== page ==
I have childhood memories of large family dinners where we kids were seated at the “kids’ table,” away from the adults and their grown-up conversations.
Earlier this year, the U.S. joined Syria and Nicaragua at the Paris Climate Accord’s kids’ table, no longer privy to the important conversations the rest of the world was having on climate change. As the Paris Accord approached its two-year anniversary on Dec. 12, both Syria and Nicaragua have joined the grown-ups’ table, leaving the U.S. dining alone.
A changing climate is the most critical issue we face as a global community. This is no time for our leadership to opt out of the adults’ conversation. Were we present, we could suggest solutions such as a gradually increasing fee on carbon at its source. This free-market solution would reduce carbon emissions, stimulate jobs and the economy, and begin to clean up dangerous air.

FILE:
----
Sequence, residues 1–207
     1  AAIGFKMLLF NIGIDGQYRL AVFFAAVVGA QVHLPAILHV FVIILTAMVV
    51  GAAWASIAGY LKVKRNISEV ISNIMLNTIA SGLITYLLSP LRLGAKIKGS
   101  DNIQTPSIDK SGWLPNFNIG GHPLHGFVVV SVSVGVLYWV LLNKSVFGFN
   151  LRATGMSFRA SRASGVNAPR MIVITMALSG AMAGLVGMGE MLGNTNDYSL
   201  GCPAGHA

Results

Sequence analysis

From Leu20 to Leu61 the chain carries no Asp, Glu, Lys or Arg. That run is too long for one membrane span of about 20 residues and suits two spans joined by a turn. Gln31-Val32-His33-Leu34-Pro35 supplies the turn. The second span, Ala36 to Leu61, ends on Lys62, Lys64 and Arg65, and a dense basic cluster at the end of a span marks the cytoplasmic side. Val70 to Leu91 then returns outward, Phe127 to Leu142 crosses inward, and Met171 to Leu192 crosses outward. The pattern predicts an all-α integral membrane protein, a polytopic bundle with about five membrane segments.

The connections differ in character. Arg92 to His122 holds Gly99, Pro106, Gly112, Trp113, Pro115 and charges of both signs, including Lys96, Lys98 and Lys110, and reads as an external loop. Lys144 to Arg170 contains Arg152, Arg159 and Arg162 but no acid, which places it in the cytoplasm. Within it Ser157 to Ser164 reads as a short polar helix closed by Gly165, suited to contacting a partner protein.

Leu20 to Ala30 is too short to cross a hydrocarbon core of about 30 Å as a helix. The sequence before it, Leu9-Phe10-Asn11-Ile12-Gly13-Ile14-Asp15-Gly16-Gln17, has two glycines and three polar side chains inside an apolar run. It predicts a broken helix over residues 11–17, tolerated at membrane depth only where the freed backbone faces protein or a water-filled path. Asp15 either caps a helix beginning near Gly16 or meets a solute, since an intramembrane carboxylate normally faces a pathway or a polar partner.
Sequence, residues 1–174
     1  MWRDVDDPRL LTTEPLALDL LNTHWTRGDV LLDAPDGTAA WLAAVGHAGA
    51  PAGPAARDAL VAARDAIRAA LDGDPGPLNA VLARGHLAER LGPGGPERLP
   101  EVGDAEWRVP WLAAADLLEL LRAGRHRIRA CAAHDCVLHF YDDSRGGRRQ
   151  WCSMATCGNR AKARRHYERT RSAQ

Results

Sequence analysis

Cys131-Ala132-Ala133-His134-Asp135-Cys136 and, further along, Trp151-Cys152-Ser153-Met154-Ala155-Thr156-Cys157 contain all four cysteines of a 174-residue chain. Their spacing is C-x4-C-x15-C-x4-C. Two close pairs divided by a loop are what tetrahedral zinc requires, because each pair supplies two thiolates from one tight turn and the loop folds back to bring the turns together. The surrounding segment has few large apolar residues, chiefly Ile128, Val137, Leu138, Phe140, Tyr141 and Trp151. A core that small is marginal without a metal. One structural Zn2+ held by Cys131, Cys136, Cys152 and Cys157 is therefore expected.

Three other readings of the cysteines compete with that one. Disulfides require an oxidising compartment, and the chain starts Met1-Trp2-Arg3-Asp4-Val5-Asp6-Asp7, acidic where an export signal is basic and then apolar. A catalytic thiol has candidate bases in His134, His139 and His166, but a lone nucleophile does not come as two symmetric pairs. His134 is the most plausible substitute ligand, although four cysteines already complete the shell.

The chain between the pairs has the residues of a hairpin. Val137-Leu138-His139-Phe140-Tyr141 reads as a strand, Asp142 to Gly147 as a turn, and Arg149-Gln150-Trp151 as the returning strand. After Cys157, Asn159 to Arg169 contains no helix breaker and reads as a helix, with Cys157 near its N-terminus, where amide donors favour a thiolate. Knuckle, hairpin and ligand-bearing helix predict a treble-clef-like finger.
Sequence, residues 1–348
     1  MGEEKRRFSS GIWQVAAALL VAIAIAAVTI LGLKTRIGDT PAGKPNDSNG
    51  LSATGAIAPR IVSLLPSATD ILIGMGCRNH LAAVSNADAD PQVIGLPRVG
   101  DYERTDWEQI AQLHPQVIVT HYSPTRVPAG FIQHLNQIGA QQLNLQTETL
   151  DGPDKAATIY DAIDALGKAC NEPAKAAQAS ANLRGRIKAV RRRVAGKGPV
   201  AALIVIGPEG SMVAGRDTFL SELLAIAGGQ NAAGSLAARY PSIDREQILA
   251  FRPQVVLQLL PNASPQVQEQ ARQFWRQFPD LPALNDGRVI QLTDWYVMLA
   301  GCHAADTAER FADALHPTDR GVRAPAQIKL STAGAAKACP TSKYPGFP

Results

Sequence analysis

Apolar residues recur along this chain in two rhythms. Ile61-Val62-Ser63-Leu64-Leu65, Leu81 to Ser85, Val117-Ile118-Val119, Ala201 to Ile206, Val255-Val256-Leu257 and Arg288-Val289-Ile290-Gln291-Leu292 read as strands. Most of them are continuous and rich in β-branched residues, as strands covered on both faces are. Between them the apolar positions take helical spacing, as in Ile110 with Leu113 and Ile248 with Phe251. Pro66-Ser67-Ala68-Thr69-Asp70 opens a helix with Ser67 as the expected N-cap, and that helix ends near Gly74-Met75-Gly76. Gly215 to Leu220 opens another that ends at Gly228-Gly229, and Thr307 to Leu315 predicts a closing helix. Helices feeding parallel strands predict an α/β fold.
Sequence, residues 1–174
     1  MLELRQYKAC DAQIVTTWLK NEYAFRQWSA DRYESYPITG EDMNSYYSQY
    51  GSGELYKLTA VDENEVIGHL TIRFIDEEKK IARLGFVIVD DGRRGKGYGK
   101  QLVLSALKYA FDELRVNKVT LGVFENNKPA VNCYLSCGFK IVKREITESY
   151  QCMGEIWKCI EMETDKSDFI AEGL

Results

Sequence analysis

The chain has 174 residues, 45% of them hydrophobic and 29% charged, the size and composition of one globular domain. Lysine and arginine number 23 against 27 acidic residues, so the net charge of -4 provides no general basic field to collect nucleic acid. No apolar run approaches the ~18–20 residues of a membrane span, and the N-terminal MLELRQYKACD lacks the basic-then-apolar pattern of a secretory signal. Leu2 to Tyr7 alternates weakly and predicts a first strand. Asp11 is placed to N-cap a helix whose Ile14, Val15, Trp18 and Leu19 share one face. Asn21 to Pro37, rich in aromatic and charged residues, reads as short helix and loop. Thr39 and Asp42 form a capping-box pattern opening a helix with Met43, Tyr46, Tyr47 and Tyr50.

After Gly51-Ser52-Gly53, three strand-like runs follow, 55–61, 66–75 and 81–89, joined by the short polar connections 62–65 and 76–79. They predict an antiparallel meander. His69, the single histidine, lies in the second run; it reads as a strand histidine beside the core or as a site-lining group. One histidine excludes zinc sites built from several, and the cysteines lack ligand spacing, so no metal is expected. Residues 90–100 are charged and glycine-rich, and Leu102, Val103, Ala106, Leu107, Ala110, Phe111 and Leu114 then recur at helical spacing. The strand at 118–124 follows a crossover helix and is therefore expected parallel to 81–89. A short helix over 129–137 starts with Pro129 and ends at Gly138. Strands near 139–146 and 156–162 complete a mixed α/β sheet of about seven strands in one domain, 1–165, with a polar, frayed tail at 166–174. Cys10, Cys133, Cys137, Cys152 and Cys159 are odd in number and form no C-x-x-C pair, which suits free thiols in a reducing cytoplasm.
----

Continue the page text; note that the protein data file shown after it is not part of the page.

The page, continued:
In the U.S. the nonpartisan Citizens Climate lobby already has a well-developed proposal that achieves this. But to present it globally, we need to join the adults at their table. Remaining at the kids’ table is beneath our dignity.
Mark Molen, Salt Lake City